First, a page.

So without further ado here’s the final result. Here’s a link to the report if you want to try it and see some other visuals.

*** Use at your own risk. I take no responsibility for the accurateness of this. Don’t use this as your only source of information on this storm. ***

 Click to open the PowerBi reports for Hurricane Matthew

Here’s an image from the PowerBi app so I can track it on the go.


Here’s a new cool preview feature called ArcGis map. This will be cool once the storm get closer and I can add more layers. For more info on this check out the September 2016 updates for PowerBi.


Here’s an image from my dashboard I created on the PowerBi site.



SQL Saturday 531 Session Recap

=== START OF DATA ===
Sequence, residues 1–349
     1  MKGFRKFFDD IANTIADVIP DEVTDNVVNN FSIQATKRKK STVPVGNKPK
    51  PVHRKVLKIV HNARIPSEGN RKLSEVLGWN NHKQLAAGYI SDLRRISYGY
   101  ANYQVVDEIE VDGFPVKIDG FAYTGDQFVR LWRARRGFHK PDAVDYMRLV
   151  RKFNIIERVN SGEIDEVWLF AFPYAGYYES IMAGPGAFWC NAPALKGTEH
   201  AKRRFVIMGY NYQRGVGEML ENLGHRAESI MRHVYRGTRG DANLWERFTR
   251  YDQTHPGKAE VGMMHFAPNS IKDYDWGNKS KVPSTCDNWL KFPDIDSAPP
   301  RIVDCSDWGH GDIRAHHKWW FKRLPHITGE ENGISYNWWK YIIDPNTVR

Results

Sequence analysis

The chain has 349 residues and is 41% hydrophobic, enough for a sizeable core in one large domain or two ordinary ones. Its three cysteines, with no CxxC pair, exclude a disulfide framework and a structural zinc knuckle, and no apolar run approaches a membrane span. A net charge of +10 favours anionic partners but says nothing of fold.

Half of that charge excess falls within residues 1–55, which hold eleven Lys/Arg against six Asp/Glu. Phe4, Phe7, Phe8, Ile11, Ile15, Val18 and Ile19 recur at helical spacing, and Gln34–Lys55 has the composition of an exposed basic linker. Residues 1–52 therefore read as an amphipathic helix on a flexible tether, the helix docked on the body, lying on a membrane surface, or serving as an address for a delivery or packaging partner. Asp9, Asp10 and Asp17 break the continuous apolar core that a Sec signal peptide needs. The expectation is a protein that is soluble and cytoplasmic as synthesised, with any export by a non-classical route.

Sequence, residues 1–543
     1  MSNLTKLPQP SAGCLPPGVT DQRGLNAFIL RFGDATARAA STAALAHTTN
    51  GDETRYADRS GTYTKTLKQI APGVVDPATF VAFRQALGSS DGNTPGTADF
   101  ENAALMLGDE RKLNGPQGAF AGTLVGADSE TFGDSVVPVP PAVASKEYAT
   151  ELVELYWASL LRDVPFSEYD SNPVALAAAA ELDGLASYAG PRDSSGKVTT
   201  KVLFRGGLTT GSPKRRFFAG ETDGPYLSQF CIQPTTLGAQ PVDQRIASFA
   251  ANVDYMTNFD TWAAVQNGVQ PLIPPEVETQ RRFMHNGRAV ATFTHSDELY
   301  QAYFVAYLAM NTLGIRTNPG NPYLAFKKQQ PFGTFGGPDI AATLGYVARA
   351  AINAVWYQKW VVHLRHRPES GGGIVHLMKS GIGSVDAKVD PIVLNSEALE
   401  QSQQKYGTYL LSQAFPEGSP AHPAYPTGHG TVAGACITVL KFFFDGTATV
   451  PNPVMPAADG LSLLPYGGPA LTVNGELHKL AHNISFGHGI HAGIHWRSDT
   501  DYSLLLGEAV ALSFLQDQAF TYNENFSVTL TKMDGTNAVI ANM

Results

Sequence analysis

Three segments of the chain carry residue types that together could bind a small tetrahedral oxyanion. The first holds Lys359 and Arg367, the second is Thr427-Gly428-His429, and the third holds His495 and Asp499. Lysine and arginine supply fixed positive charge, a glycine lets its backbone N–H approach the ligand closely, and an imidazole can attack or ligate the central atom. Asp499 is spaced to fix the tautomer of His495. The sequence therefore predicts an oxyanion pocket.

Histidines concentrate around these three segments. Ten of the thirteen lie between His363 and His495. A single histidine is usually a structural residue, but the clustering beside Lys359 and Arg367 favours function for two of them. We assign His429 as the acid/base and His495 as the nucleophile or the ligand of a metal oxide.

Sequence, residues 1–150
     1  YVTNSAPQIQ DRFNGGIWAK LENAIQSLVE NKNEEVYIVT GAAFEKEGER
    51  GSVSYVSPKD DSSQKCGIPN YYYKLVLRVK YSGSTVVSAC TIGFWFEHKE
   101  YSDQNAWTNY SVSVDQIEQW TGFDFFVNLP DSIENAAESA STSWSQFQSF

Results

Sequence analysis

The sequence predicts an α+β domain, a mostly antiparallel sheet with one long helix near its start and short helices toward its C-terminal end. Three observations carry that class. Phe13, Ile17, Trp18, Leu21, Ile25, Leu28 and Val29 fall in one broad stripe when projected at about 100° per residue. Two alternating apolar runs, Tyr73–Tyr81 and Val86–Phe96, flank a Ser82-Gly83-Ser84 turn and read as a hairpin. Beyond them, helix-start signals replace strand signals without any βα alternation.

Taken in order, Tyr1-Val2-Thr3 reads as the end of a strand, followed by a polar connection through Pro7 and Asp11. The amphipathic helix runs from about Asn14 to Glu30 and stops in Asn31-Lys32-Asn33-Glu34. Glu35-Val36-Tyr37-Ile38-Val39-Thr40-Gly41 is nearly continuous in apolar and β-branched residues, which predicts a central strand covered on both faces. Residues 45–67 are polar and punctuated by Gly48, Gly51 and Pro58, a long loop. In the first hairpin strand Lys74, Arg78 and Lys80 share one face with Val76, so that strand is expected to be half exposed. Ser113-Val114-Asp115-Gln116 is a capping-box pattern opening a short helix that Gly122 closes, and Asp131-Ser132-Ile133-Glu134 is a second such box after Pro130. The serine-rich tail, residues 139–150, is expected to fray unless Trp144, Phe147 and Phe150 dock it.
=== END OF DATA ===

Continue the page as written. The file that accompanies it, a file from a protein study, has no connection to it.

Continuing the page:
We had a great session today on SSRS 2016 and all of its new features. As I mentioned this morning you can download and experiment with these tools without having to install SQL2016. Here are a couple links for the downloads that I would like to share with you.

SSRS 2016 Report Builder Download

SSRS Mobile Report Publisher Download

Here’s the download for the slide deck. Whats new in SSRS 2016

Here’s a link to a Microsoft site with an overview of what was covered today.

I’m Speaking at SQL Saturday #531 Louisville


I will be speaking at SQL Saturday Louisville on August 6th 2016. I will be doing a session on what’s new in SSRS 2016. So come on out and enjoy this free event. There are dozens of different speakers covering a wide variety of topics. Click on the link below to see the full schedule and register.

Here’s a link to the event along with further information.


Here’s a link to the registration, go sign up today.

SSRS 2016 Report Builder RC3

Want to experiment with some of the new 2016 SSRS features without having to install another instance? Well you’re in luck. Try downloading the new report builder RC3 which is now available.